We are unpersuaded by the PLRB's argument that the definition of "employer" contained in the SSHE Act is not determinative of who is the "public employer" for purposes of PERA. While we agree that generally definitions cannot be equated between different pieces

[ 99 Pa. Commw. Page 526]

    of legislation, see School District of Township of Millcreek v. Millcreek Education Association, 64 Pa. Commonwealth Ct. 389, 440 A.2d 673 (1982), we conclude that the general rule does not apply to this case. Our conclusion is based upon an analysis of PERA. PERA defines "public employer" as:

The Commonwealth of Pennsylvania, its political subdivisions including school districts and any officer, board, commission, agency, authority, or other instrumentality thereof and any nonprofit organization or institution and any charitable, religious, scientific, literary, recreational, health, educational or welfare institution receiving grants or appropriations from local, State or Federal governments. . . .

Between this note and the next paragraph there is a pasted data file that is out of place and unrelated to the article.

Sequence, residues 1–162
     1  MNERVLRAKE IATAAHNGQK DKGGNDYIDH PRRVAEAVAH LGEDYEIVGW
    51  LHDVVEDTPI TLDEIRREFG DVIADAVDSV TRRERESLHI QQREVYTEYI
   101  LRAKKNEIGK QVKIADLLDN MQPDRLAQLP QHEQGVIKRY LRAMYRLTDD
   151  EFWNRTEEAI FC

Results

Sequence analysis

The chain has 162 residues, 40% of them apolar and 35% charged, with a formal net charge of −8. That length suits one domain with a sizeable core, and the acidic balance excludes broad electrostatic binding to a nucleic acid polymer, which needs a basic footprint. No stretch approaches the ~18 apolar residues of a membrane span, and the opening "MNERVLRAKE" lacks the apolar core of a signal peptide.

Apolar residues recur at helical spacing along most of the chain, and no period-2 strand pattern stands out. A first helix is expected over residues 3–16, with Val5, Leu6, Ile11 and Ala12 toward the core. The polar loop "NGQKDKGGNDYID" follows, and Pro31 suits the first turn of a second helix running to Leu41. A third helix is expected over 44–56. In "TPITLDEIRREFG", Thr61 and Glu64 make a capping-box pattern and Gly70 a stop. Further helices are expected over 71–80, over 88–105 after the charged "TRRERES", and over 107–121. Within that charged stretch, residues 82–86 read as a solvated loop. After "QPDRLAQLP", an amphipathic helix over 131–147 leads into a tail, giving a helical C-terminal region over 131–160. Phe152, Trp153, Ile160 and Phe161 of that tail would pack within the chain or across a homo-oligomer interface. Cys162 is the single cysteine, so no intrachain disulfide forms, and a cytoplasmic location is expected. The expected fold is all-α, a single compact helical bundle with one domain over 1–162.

43 P.S. § 1101.301(1).

Thus, PERA contemplates that an entity of lesser magnitude than the Commonwealth may be a public employer, even though any board, commission or agency of the Commonwealth will be subject to the control of the Commonwealth's budgetary process to supply funds necessary to implement a collective bargaining agreement. More importantly, the purpose of designating a particular entity as the public employer under PERA is to impose upon that entity the obligation to bargain collectively with the employe representative. See 43 P.S. §§ 1101.101, 1101.701.